And it could go either way. "It is a wonderful opportunity, and I am sure South Africa will come out of it well," said Paul Browning, a transportation consultant. "We also have the opportunity to fall flat on our face," he quickly added. Browning's comments drive home the point that the South African Football Association is cutting it close. In early January, FIFA, which administers the World Cup, complained that the host had already used up all of the days allotted for stadium construction delays.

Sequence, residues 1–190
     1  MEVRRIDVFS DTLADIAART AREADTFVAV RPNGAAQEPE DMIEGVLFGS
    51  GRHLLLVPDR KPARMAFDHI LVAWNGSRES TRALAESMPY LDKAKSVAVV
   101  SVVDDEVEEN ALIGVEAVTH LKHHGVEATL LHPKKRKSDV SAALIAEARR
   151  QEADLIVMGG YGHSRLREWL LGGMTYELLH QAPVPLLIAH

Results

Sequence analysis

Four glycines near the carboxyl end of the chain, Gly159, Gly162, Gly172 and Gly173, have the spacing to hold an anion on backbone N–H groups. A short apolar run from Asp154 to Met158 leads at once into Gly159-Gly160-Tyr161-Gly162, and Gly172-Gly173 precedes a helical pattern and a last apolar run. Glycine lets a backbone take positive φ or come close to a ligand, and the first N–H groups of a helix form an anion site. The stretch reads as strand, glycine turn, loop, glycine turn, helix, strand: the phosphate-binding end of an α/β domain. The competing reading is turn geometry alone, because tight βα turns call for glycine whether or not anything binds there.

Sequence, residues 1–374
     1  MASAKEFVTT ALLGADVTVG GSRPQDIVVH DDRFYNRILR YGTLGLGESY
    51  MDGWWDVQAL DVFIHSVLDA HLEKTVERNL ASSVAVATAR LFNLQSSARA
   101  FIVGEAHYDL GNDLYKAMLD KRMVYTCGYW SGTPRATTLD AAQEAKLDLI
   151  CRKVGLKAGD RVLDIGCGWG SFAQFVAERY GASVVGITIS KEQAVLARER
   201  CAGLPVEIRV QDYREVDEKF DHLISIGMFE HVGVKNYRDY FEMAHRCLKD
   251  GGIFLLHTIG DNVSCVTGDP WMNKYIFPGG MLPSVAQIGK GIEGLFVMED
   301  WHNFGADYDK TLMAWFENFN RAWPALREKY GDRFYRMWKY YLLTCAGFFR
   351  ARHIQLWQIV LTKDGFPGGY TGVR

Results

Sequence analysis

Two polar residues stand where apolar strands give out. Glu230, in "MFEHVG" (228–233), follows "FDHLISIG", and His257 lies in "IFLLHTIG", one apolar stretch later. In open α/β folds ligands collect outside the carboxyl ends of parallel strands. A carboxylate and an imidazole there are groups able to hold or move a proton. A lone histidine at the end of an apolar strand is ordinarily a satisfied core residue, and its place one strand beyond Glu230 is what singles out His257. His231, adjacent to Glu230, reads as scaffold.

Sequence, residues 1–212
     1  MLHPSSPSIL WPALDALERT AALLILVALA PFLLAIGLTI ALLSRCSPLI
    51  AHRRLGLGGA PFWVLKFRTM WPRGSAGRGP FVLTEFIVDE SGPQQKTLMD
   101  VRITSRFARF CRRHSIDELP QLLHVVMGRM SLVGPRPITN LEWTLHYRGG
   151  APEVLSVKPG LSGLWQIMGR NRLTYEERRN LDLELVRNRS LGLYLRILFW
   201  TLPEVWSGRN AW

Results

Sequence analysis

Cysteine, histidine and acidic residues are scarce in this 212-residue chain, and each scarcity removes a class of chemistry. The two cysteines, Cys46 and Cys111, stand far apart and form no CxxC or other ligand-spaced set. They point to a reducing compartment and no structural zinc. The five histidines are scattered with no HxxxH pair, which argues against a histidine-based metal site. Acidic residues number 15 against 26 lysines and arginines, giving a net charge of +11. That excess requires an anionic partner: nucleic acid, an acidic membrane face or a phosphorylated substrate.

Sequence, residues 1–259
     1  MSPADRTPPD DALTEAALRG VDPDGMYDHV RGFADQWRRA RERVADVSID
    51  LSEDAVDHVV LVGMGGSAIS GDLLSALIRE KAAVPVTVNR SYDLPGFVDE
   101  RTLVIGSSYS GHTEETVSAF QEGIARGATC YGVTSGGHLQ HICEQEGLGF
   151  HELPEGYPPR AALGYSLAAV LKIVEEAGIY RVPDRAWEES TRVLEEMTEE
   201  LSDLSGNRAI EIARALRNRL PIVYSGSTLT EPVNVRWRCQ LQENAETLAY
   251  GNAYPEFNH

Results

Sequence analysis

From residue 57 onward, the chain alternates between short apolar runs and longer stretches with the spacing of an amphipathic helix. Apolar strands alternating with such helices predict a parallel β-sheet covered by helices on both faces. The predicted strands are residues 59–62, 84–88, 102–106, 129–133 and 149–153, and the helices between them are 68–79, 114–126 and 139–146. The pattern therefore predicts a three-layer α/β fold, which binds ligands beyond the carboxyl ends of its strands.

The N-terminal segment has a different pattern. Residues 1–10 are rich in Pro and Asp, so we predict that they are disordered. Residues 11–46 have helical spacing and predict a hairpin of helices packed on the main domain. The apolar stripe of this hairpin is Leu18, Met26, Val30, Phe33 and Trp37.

Never before has the World Cup taken place in Africa. In fact, according to the economic analysis firm Econometrix, not since Chile was the host of the 1962 World Cup has FIFA awarded its prized tournament to a nation as underdeveloped as this one. South Africa's "dauntingly high" crime-rate, debilitating AIDS epidemic and laundry list of infrastructure problems notwithstanding, FIFA insists that its sticking with South Africa for 2010.